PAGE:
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Drivers urged to watch out for horse traffic due to trail closures in Los Padres National Forest

SUMMERLAND, Calif. - The U.S. Forest Service closure of campgrounds and public activities is sending horse riders in some areas to the lower trails.

The horse traffic is causing some safety conflicts with the public.

Already several problems have been reported in the area of Montecito and Summerland.

Riders report issues with erratic drivers who are not sharing the road.

Some of the hot spots are Sheffield, Lambert Road, Toro Canyon and Ortega Ridge Road.

A complaint has been brought to the attention of the Santa Barbara County Sheriff's Department.

The National Forests will not reopen until September 18.

Riders have been advised to report the license number of dangerous drivers or get video shots.

Anne Scott is a Summerland horse owner who says, "we're not trying to ride on the road, we are just trying to get to the the trail head."

She has a 16-year old American Painted horse, Echo.

There are many close calls. "Close enough I could turn my foot out and my spur can hit them and drag down  it  the side of a car," she said.

On one section of Toro Canyon Road, near Highway 192, "they come around  that blind curve, they will never see us.   They will hit us way before they know we are there," said Scott about the risky conditions.

Horses can also get scared easily. "Horses are flight animals and  cause  a great threat to us if they are spooked by a 60 mile-per-hour car coming behind them."

The street has drivers who are rolling off a lot of speed, but not finding a lot of room.

Scott says, "there is two horse crossing signs there, but they are kind of obscured. We think people don't see them   and people don't know the law allowing us to be on the road, and there's no shoulder really on Toro Canyon."

Between drivers coming off the freeway looking for short cuts, and horse riders using the closer trails with the forest closed, the conditions are stressful. "We have a lot of horse people, even though we are losing our horse property, we have a lot of horses here in town and a lot of people who ride a lot."

There are also tourist-oriented rides, sometimes with 10 horses at a time.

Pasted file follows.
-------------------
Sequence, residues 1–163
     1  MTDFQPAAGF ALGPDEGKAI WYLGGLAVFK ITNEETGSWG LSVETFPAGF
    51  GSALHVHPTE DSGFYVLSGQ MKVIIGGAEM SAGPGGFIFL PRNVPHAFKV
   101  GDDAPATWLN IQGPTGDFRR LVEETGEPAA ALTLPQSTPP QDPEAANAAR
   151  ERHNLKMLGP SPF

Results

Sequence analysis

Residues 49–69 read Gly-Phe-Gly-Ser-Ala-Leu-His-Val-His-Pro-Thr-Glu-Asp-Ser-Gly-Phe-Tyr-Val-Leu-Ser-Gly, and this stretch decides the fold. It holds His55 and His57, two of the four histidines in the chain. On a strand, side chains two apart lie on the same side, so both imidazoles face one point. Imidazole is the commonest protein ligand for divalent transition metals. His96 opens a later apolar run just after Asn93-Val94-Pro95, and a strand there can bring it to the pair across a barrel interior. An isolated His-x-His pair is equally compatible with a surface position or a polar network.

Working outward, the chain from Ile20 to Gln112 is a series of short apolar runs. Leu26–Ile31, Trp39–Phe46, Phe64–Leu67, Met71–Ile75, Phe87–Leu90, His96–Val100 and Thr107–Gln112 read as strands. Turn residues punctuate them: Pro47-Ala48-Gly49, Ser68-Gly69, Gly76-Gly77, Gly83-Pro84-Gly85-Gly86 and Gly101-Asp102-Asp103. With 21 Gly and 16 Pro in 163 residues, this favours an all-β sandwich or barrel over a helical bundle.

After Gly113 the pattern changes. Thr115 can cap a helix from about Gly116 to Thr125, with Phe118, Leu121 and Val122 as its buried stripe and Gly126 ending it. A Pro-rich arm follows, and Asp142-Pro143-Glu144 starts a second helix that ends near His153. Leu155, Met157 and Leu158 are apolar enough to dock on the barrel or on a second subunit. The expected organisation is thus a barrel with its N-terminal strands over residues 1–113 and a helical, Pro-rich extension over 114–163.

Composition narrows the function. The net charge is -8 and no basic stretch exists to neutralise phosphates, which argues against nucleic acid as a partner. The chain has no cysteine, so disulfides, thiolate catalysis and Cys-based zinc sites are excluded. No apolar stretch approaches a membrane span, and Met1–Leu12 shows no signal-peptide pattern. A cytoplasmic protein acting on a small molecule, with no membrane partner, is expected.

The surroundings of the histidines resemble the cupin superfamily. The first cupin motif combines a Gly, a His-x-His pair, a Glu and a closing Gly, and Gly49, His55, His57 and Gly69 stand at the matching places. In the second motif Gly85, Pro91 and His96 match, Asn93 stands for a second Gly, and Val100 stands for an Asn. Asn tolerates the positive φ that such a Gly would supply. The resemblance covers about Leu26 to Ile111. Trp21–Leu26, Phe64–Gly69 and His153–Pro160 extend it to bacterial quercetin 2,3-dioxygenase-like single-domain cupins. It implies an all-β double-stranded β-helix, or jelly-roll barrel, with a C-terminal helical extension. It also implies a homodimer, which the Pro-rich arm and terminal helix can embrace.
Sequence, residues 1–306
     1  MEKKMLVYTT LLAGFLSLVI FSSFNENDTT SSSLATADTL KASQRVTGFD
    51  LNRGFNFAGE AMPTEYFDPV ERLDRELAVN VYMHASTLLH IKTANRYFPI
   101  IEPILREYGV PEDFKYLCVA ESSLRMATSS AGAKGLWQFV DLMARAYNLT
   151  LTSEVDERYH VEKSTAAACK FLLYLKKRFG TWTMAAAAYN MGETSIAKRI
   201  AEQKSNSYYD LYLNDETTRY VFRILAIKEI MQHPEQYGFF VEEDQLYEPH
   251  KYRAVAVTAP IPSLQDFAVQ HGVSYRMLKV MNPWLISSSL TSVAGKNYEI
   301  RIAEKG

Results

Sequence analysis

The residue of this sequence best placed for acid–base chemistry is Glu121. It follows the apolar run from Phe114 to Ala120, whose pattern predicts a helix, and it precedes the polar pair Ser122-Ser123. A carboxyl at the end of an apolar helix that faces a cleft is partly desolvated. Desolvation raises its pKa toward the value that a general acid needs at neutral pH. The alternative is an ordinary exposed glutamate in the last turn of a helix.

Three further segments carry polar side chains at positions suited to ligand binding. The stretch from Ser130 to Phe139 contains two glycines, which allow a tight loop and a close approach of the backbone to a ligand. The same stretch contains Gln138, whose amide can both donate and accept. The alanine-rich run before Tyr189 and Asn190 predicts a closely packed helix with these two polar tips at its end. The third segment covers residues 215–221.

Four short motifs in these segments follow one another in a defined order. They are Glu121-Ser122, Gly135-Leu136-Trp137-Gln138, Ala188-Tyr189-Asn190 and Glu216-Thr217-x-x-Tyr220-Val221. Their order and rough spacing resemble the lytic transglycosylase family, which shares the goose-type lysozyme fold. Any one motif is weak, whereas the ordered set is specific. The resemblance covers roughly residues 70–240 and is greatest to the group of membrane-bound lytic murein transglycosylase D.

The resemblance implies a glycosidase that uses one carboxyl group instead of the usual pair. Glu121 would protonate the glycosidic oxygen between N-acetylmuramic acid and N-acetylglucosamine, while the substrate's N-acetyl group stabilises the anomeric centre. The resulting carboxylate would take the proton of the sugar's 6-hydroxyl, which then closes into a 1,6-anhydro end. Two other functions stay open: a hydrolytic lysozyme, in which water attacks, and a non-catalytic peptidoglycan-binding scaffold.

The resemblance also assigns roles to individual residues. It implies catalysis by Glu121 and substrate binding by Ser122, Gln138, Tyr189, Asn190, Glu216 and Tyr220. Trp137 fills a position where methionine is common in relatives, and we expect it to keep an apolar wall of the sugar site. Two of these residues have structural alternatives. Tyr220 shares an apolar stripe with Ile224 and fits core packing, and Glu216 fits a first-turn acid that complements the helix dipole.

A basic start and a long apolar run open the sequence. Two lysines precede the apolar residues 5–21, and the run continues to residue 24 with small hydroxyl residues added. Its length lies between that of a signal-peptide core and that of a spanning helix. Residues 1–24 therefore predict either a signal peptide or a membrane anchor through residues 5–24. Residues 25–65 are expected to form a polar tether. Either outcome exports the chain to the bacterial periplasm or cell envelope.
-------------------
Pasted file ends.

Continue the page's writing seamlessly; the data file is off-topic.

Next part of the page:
A vehicle collision would be devastating.

"You are riding $60-70,000 dollar horses. One car (crash) their life would be over.  Not to mention the injuries to us."

The California Vehicle Code says:

DIVISION 11. RULES OF THE ROAD [21000 - 23336]

CHAPTER 4. Right-of-Way

(a) The Department of Transportation, and local authorities with respect to highways under their jurisdiction, may designate any intersection of a highway as a bridle path or equestrian crossing by erecting appropriate signs. The signs shall be erected on the highway at or near the approach to the intersection, and shall be of a type approved by the Department of Transportation. The signs shall indicate the crossing and any crossmarks, safety devices, or signals the authorities deem necessary to safeguard vehicular and equestrian traffic at the intersection.

(b) The driver of any vehicle shall yield the right-of-way to any horseback rider who is crossing the highway at any designated equestrian crossing which is marked by signs as prescribed in subdivision (a).

(c)  Subdivision (b) does not relieve any horseback rider from the duty of using due care for his or her own safety. No horseback rider shall leave a curb or other place of safety and proceed suddenly into the path of a vehicle which is close enough to constitute an immediate hazard.

Lifestyle / Outdoors / Safety / Santa Barbara - South County / Traffic / Travel / Video
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John Palminteri

John Palminteri is senior reporter for KEYT NewsChannel 3. To learn more about John, click here.


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